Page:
Touchy-Feely Bull in a China Shop
I’m delighted to report that – after experimenting with conventional high school – my elder sons have resumed homeschooling. Their complaints were numerous, but our whole family was taken aback by their school’s disinterest in academics. Math aside, every class was infused by a pedagogical philosophy I can only describe as “touchy-feely.” This philosophy was so pervasive that teachers seemed unaware of the possibility that other views even exist.
On the surface, admittedly, touchy-feely pedagogy seems unobjectionable. The teachers warmly express their affection for the students. They believe in treating students like human beings – and making learning fun. Most seem quite sincere: They’re convinced that their methods are great for everyone. Alas, they’re mistaken. Our chief objections:
1. Some subjects simply don’t lend themselves to a touchy-feely approach. Math is the obvious example; you can’t teach math by asking kids “How do the numbers make you feel?” But the same goes for writing. If you want to improve students’ writing, you must make liberal use of your red pen.
2. The touchy-feely approach crowds out measurable learning. Teachers in virtually every one of my kids’ classes (none of which had “Art” in the title) assigned art projects – posters, name tags, flags, and so on. The voluminous time the students spent on these projects could have been focused on techniques that actually yield knowledge: reading the textbook, solving problems, writing essays, and taking tests.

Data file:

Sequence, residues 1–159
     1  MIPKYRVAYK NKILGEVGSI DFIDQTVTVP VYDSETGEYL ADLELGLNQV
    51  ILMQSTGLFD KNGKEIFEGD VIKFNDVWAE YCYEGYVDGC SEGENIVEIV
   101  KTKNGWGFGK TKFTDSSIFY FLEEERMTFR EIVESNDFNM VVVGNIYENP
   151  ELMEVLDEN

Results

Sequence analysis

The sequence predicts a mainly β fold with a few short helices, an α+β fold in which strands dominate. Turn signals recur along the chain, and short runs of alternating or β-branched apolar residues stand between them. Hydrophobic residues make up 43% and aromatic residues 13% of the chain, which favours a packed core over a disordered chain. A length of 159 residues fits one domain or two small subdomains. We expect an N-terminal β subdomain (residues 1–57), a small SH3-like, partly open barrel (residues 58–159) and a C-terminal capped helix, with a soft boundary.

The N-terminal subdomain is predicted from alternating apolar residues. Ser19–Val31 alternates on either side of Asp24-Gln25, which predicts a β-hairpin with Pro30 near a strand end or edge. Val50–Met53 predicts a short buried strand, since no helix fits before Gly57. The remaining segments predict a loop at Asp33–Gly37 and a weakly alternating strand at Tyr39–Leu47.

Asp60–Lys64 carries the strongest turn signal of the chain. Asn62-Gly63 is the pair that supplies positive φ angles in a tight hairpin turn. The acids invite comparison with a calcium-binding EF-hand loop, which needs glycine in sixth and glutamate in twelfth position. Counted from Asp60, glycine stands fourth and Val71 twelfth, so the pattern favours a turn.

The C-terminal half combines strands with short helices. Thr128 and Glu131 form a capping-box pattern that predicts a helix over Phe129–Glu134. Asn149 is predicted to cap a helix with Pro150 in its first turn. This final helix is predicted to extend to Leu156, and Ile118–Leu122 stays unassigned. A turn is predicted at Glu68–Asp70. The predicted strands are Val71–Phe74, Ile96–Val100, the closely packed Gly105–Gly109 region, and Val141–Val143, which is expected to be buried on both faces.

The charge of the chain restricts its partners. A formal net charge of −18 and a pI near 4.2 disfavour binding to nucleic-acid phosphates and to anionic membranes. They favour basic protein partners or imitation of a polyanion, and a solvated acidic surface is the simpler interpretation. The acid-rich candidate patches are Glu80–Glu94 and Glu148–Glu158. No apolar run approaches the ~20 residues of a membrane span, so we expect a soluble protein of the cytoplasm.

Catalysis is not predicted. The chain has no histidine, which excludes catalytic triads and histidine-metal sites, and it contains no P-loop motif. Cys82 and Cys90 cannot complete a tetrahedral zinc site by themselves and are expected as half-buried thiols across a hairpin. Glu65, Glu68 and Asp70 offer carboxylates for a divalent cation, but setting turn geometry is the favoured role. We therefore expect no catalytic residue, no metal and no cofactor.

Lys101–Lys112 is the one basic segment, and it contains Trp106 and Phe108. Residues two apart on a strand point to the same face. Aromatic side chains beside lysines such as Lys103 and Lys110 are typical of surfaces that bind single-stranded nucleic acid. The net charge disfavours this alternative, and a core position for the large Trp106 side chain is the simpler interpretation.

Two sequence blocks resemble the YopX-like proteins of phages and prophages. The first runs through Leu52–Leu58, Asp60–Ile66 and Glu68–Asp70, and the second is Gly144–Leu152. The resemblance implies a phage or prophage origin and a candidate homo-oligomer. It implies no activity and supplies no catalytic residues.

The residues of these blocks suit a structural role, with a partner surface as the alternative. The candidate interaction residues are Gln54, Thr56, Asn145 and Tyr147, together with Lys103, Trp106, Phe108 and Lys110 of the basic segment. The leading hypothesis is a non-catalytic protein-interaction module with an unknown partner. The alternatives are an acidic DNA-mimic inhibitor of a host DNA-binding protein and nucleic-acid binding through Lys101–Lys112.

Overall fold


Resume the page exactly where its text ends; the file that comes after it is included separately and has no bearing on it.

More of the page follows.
3. Some students clearly enjoy the touchy-feely approach. But plenty of others resent it. A few – like my kids – find it humiliating. So contrary to the party line, touchy-feely is not “Better for everyone.”
4. The party line is especially galling because the practitioners of touchy-feely pedagogy don’t settle for passive obedience. In a traditional academic program, students are expected to complete their work, but no one says they have to enjoy it. In a touchy-feely program, in contrast, teachers keep insisting, “This is fun!” and “Students love doing this!” And every student’s supposed to play along.
5. I didn’t bother sharing my concerns with my sons’ teachers because I deemed it fruitless. But if I had vented, I bet they would have replied thusly: “But all the kids I talk to love my approach.” Plausibly true, but deeply misleading, due to two powerful psychological forces: Social Desirability Bias and confirmation bias. Long story short: students keep negative opinions to themselves, and teachers misinterpret mixed evidence in their own favor. Just like humans generally.
I don’t expect the world to revolve around me or my kids – and lashing out at touchy-feely people is hard because they’re so nice. Still, as we economists emphasize, nice people often do bad things. Good intentions are not enough; if you really want to do good, you have to calmly weigh the actual consequences of your actions. You may find drawing posters more fun than reading textbooks, but that’s a reflection of your personality type, not a universal law of human nature. Forget these truisms, and you risk being a touchy-feely bull in a china shop – loudly expressing philanthropic sentiments as you trample all over the feelings of hapless studious children.